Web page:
The miniJPAS survey. Galaxy populations in the most massive cluster in miniJPAS: mJPC2470-1771

Publication date: 
Main author: 
Rodríguez-Martín, J. E.
IAA authors: 
Rodríguez-Martín, J. E.;González Delgado, R. M.;Martínez-Solaeche, G.;Díaz-García, L. A.;García-Benito, R.;Pérez, E.;Jiménez-Teja, Y.;Vílchez, J. M.;Benítez, N.;Moles, M.;Márquez, I.
Rodríguez-Martín, J. E.;González Delgado, R. M.;Martínez-Solaeche, G.;Díaz-García, L. A.;de Amorim, A.;García-Benito, R.;Pérez, E.;Cid Fernandes, R.;Carrasco, E. R.;Maturi, M.;Finoguenov, A.;Lopes, P. A. A.;Cortesi, A.;Lucatelli, G.;Diego, J. M.;Chies-Santos, A. L.;Dupke, R. A.;Jiménez-Teja, Y.;Vílchez, J. M.;Abramo, L. R.;Alcaniz, J.;Benítez, N.;Bonoli, S.;Cenarro, A. J.;Cristóbal-Hornillos, D.;Ederoclite, A.;Hernán-Caballero, A.;López-Sanjuan, C.;Marín-Franch, A.;Mendes de Oliveira, C.;Moles, M.;Sodré, L.;Taylor, K.;Varela, J.;Vázquez Ramió, H.;Márquez, I.
Astronomy and Astrophysics
Publication type: 
The Javalambre-Physics of the Accelerating Universe Astrophysical Survey (J-PAS) is a photometric survey that is poised to scan several thousands of square degrees of the sky. It will use 54 narrow-band filters, combining the benefits of low-resolution spectra and photometry. Its offshoot, miniJPAS, is a 1 deg<SUP>2</SUP> survey that uses J-PAS filter system with the Pathfinder camera. In this work, we study mJPC2470-1771, the most massive cluster detected in miniJPAS. We survey the stellar population properties of the members, their star formation rates (SFR), star formation histories (SFH), the emission line galaxy (ELG) population, spatial distribution of these properties, and the ensuing effects of the environment. This work shows the power of J-PAS to study the role of environment in galaxy evolution. We used a spectral energy distribution (SED) fitting code to derive the stellar population properties of the galaxy members: stellar mass, extinction, metallicity, (u − r)<SUB>res</SUB> and (u − r)<SUB>int</SUB> colours, mass-weighted age, the SFH that is parametrised by a delayed-τ model (τ, t<SUB>0</SUB>), and SFRs. We used artificial neural networks for the identification of the ELG population via the detection of the Hα, [NII], Hβ, and [OIII] nebular emission. We used the Ew(Hα)-[NII] (WHAN) and [OIII]/Hα-[NII]/Hα (BPT) diagrams to separate them into individual star-forming galaxies and AGNs. We find that the fraction of red galaxies increases with the cluster-centric radius; and at 0.5R<SUB>200</SUB> the red and blue fractions are both equal. The redder, more metallic, and more massive galaxies tend to be inside the central part of the cluster, whereas blue, less metallic, and less massive galaxies are mainly located outside of the inner 0.5R<SUB>200</SUB>. We selected 49 ELG, with 65.3% of them likely to be star-forming galaxies, dominated by blue galaxies, and 24% likely to have an AGN (Seyfert or LINER galaxies). The rest are difficult to classify and are most likely composite galaxies. These latter galaxies are red, and their abundance decreases with the cluster-centric radius; in contrast, the fraction of star-forming galaxies increases outwards up to R<SUB>200</SUB>. Our results are compatible with an scenario in which galaxy members were formed roughly at the same epoch, but blue galaxies have had more recent star formation episodes, and they are quenching out from within the cluster centre. The spatial distribution of red galaxies and their properties suggest that they were quenched prior to the cluster accretion or an earlier cluster accretion epoch. AGN feedback or mass might also stand as an obstacle in the quenching of these galaxies.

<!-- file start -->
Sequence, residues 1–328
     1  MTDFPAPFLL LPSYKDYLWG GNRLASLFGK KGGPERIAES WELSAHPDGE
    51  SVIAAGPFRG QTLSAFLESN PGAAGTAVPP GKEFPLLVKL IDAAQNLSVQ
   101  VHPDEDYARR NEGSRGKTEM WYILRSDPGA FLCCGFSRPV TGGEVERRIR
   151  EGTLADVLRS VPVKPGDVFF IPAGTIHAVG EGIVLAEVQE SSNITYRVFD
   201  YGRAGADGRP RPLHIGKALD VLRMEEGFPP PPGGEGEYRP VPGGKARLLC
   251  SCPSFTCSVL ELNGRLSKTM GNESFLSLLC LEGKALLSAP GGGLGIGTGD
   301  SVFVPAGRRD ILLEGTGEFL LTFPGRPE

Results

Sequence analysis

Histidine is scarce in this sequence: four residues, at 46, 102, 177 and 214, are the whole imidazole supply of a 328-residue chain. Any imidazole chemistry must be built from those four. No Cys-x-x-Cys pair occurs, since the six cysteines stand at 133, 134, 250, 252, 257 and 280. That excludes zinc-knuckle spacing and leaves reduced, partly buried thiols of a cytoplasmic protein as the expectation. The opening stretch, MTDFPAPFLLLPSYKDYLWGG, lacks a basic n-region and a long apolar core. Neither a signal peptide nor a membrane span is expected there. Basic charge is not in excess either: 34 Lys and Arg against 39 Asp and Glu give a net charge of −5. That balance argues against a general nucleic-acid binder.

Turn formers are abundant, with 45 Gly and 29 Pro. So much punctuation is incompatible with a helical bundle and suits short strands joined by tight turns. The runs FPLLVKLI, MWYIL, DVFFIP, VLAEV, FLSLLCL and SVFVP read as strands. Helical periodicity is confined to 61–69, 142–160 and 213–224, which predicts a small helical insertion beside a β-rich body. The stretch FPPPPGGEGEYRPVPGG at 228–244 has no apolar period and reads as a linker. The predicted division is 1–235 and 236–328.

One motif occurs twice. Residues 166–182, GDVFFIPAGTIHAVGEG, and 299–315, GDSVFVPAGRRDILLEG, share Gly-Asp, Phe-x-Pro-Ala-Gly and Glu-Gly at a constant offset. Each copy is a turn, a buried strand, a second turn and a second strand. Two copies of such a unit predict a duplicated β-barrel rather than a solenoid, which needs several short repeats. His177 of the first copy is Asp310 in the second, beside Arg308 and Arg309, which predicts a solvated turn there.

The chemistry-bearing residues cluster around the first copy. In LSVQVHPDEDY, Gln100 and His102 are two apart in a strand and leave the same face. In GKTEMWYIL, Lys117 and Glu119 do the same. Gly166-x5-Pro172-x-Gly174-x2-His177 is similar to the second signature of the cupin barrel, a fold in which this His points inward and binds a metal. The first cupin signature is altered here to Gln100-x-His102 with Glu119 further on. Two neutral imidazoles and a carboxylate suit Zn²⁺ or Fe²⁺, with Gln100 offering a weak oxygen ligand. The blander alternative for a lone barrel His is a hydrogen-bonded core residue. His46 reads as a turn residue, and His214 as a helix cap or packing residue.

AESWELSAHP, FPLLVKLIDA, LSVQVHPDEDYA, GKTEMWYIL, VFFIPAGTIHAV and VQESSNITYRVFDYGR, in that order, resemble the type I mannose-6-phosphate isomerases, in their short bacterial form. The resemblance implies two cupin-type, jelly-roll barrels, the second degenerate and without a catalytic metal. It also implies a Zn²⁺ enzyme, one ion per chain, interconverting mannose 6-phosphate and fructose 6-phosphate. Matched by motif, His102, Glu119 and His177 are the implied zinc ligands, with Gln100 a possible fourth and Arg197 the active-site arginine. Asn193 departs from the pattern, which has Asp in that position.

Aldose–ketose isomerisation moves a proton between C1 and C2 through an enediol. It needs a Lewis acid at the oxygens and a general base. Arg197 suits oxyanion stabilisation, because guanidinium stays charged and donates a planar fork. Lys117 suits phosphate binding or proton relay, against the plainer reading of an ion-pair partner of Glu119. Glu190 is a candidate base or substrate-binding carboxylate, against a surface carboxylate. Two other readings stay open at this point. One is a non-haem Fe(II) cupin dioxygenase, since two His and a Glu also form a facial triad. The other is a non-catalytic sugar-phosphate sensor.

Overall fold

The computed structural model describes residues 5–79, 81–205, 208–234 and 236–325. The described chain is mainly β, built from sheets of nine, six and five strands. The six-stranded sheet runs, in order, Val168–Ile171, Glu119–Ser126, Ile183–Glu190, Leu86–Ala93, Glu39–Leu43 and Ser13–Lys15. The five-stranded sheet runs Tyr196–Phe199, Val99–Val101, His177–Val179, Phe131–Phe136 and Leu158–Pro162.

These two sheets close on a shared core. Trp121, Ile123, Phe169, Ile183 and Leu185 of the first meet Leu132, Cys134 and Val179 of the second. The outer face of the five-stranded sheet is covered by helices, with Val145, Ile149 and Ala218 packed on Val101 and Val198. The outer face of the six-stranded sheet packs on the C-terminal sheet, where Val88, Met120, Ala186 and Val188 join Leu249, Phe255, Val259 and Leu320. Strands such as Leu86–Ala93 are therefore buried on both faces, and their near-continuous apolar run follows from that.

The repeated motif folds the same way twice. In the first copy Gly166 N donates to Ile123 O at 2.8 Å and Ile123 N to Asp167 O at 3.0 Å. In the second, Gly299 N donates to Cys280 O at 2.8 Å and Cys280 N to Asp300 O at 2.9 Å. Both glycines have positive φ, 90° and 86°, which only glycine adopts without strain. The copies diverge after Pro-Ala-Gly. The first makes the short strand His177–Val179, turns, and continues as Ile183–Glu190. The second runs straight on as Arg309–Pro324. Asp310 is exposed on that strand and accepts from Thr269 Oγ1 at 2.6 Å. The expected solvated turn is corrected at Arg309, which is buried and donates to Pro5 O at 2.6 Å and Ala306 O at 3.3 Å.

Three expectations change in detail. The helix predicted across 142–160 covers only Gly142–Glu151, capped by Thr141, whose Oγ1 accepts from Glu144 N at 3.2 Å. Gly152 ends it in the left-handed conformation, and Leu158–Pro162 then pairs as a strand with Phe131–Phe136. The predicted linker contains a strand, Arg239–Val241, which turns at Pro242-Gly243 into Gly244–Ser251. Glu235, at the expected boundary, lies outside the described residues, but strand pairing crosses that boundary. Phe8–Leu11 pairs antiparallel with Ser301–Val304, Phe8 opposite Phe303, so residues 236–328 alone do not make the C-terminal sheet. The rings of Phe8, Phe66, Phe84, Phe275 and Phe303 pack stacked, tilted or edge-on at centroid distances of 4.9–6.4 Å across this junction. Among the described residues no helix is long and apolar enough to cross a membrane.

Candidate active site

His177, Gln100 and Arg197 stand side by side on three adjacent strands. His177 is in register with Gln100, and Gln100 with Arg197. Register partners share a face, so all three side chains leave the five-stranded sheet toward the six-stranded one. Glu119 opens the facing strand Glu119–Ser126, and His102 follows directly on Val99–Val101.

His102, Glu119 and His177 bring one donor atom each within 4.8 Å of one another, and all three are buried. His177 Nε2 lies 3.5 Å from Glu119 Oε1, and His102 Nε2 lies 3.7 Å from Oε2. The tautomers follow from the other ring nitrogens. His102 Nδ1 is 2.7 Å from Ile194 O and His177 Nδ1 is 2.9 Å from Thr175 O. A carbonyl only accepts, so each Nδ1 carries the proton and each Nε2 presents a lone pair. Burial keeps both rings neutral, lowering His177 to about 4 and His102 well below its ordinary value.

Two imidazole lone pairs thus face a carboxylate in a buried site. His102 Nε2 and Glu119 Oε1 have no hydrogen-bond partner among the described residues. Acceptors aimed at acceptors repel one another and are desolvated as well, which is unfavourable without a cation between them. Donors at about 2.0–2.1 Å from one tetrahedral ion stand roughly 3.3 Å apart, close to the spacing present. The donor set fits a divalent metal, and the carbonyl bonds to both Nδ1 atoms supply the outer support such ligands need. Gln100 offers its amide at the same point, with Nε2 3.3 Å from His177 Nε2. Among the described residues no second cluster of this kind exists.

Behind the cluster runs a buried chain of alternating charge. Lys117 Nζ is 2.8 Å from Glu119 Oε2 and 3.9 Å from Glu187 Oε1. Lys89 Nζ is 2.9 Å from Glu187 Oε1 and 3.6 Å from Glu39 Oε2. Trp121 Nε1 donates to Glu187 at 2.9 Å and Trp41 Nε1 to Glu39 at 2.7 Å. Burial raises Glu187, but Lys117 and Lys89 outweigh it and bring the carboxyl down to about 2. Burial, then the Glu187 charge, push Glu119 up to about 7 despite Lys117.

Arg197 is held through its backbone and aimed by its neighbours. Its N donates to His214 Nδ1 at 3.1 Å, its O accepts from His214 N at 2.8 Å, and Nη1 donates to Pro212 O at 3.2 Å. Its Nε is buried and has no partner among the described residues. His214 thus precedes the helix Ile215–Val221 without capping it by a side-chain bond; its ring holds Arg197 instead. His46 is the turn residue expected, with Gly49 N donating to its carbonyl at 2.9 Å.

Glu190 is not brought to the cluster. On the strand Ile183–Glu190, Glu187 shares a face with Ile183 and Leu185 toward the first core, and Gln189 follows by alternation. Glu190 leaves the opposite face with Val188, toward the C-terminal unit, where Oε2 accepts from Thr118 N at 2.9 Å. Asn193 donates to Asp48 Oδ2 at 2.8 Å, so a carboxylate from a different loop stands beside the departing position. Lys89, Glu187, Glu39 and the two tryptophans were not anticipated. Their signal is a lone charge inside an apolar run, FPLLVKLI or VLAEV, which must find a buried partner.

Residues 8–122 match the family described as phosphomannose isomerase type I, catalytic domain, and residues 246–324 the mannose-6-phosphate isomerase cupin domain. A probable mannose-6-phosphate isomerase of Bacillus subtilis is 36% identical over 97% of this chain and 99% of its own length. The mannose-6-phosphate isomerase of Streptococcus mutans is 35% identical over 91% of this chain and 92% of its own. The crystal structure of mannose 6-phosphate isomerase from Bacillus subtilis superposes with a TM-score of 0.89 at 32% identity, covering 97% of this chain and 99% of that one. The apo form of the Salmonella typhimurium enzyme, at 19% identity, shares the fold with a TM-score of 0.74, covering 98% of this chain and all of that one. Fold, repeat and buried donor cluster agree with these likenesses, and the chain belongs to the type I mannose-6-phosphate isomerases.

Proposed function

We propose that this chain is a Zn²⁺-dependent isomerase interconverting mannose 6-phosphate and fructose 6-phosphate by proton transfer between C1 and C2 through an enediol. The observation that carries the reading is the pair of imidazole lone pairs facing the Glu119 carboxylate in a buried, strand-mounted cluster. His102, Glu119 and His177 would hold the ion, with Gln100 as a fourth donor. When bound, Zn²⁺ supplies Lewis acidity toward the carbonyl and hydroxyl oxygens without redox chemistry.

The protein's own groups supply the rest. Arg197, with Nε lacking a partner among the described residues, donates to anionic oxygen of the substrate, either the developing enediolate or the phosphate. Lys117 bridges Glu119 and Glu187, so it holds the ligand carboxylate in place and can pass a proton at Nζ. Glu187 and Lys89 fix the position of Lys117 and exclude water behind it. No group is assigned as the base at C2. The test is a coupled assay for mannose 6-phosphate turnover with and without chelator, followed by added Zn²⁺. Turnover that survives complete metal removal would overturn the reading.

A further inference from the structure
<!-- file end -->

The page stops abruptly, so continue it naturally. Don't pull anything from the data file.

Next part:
ADS Bibcode: 
galaxies: clusters: individual: mJPC2470-1771;galaxies: evolution;galaxies: photometry;galaxies: stellar content;galaxies: star formation;Astrophysics - Astrophysics of Galaxies